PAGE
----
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Pope Gregory XIII recalculated Caesar's Julian calendar in 1582, giving us the year-keeping system we still follow.

Pope Gregory XIII recalculated Caesar's Julian calendar in 1582, giving us the year-keeping system we still follow. (Library of Congress)

On Feb. 11, 1750, a young land surveyor named George Washington completed his 19th trip around the sun. It is unclear where he spent this birthday but since it wasn’t surveying season, it is probable he spent it at Ferry Farm with his mother and younger siblings, or at his older half brother Lawrence’s place, Mount Vernon, where he much preferred to hang out.

Exactly a year later — after a busy season of surveying cut short by a trip to Barbados and a case of smallpox — he turned 20.

The date was Feb. 22, 1752.

Yes, there were exactly 365 days between Feb. 11, 1750, and Feb. 22, 1752.

In the six months after that 20th birthday, Lawrence died and Washington applied for a spot on the colonial militia. He went to bed on Wednesday, Sept. 2, and woke up on Thursday, Sept. 14. There’s no record of what he did between Sept. 3 and Sept. 13, because in 1752, those days did not exist.

Monday marks the federal holiday officially called Washington’s Birthday, known mostly as Presidents’ Day, a day designated, depending on which state you live in, to honor the first president, the first and third presidents, the first and 16th presidents, or all presidents.

It’s kind of a squishy holiday, which is fitting, considering that in Washington’s own lifetime he and millions of other people chose to change their birthdays when the British Empire and its colonies switched from the Julian calendar, in use since the days of Julius Caesar, to the Gregorian calendar.

(Warning: The following paragraphs contain a little math.)

The Julian calendar calculated a year as 365 days and six hours — meaning most calendar years had 365 days, with one full day being added every four years — a leap day — to keep the calendar in line with Earth’s revolutions around the sun.

But as time went on, scientists realized that 365 days and six hours was not the correct calculation. One revolution of Earth around the sun actually takes 365 days, 5 hours, 48 minutes and 45.25 seconds.

It doesn’t sound like much of a difference, but over the centuries, that 11 minutes and change added up to more than a week of days that happened on the calendar — a human construct — but not in our planet’s seasons or movements — the physical phenomena the human construct was supposed to measure.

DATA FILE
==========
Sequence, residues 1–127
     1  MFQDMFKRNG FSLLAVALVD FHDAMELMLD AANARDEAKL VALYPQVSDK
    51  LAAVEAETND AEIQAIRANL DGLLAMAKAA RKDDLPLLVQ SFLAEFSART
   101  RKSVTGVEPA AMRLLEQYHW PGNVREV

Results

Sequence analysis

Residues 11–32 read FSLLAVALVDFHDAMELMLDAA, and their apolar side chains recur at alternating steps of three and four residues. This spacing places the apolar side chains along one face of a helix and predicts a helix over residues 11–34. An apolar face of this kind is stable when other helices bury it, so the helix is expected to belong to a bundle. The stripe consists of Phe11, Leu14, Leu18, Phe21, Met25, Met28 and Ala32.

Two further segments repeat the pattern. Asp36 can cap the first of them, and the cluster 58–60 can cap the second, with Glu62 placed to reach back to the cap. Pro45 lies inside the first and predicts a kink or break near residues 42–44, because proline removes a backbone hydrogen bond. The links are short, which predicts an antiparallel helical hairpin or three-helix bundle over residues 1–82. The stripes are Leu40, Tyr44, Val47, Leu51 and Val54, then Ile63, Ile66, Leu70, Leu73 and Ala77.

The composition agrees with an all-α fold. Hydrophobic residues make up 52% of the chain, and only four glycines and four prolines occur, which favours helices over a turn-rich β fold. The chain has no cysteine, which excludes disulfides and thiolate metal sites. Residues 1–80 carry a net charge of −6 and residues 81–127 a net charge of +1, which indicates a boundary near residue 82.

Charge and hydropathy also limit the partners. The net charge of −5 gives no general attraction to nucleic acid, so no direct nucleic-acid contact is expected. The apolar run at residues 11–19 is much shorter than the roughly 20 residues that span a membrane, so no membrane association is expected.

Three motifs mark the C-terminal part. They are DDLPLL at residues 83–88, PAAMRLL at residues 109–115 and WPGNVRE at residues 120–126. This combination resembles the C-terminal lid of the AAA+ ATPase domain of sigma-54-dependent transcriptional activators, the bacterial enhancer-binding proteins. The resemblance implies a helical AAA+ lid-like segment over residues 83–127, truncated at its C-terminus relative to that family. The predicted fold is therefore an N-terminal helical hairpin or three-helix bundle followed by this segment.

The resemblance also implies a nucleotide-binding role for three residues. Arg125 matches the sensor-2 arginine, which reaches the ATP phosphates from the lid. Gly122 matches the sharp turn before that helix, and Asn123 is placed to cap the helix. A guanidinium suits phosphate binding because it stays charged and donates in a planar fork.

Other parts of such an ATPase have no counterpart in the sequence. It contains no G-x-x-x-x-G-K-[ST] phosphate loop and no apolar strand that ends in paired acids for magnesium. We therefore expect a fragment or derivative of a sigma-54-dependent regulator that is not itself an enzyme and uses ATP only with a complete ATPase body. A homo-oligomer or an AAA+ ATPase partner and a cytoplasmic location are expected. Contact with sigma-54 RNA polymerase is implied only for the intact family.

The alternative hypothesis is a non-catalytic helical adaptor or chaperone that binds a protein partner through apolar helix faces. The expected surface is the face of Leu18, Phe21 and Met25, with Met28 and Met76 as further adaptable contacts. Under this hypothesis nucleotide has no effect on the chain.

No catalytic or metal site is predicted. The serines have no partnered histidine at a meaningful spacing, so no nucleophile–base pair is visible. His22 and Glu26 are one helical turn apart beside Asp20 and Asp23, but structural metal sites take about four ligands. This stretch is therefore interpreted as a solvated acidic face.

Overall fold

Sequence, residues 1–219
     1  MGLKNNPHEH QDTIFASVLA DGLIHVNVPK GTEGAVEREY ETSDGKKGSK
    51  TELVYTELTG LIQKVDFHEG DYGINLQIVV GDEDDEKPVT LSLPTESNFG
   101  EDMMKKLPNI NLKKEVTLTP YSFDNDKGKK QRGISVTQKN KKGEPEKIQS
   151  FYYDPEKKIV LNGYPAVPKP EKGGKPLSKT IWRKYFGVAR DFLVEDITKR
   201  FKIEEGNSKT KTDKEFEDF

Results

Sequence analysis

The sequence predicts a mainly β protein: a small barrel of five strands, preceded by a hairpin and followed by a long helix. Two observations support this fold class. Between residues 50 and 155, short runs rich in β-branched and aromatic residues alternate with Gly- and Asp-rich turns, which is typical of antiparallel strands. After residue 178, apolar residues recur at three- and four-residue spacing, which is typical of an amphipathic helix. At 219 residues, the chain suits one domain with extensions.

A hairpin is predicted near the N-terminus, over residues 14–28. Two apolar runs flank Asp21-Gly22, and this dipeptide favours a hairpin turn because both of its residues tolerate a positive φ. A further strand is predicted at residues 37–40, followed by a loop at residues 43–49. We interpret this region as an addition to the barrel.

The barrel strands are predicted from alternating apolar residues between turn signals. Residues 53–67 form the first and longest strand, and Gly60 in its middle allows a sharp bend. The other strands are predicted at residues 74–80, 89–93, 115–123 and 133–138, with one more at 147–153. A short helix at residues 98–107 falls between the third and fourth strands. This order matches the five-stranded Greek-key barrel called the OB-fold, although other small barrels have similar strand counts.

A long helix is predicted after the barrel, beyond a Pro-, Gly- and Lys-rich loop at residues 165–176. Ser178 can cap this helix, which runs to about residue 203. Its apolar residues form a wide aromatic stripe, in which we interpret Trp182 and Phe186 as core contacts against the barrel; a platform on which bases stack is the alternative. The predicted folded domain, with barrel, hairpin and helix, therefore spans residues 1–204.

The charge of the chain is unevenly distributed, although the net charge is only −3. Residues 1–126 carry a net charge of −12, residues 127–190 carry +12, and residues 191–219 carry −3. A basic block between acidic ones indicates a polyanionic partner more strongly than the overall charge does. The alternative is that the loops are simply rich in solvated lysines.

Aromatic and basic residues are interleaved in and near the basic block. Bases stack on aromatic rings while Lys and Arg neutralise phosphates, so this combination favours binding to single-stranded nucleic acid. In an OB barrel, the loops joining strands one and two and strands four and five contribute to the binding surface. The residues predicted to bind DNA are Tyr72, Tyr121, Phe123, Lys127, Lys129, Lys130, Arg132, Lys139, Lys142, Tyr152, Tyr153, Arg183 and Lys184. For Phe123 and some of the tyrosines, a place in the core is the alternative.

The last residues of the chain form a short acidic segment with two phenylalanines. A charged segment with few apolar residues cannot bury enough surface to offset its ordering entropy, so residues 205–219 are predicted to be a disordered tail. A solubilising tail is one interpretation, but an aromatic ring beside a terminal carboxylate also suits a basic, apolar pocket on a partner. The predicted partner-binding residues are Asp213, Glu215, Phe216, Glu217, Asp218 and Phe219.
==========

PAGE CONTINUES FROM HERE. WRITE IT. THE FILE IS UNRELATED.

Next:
The Gregorian calendar, the one we have now, was designed to fix this. In the Gregorian calendar, the rules of adding a leap day are a little more complicated than how we usually think of it. Leap days are added every four years, except in a century year that cannot be divided by 400. So the years 1800 and 1900 did not have leap days, but the year 2000, the only century year most of us will ever experience, did, because 2000 divided by 400 is 5.

(This concludes the math portion of this article.)

Pope Gregory XIII introduced his new calendar in 1582, and most Catholic countries followed suit. But Anglican England and its colonies didn’t make the switch for another 170 years, which meant adding 11 days to the calendar overnight.

And you thought daylight saving time was bad.

There was one other change, too. New Year’s Day, the day the calendar year changed, used to happen in late March, as it was more associated with spring. (Readers familiar with Norouz: Yes!) But when England and its colonies switched, they also moved New Year’s Day to Jan. 1 (except for Scotland, which was already using Jan. 1 for the new year). The calendar year 1751 was only about nine months long, going from March 25 to Dec. 31, meaning anyone born between Jan. 1 and March 25 had to start using a different birthday and a different birth year, or continue using an inaccurate birthday and birth year — even though the number of days they had spent on this spinning rock was unchanged.

That is why, depending on which calendar you are using, Washington was born on both Feb. 11, 1731, and Feb. 22, 1732. They were the same day.

It is all pretty head-spinning, and the easiest way to deal with it back then was to calculate what your Gregorian birth date would have been and adopt that. That’s what Washington and Benjamin Franklin — the tech geeks of their day — did, though most people stuck with their Julian birthdays and griped about having 11 days “stolen” from them.

Tobias Lear alluded to this idea in 1790, when replying to a letter from someone who wished to know the president’s birthday. Lear was in his 20s at the time, born a decade after the calendar change, but as Washington’s secretary he would have been familiar with the “old style” Julian calendar and the “new style” Gregorian. He wrote: “It will be sufficient to observe that it is on the 11th of February Old Style; but the Almanack-makers have generally set it down opposite to the 11th day [11 days later] of the present Style ... but I could never consider it any otherwise than as stealing so many days from his valuable life.”

This may sound goofy and old-timey, like bleeding or quill pens, but the modern American government made its own awkward calendar change as recently as 1971, with the Uniform Monday Holiday Act. That officially changed the holiday marking Washington’s birthday to the third Monday in February. Depending on the year, the holiday falls anywhere between Feb. 15 and Feb. 21.

It never falls on Washington’s actual birthday, regardless of which calendar you use.

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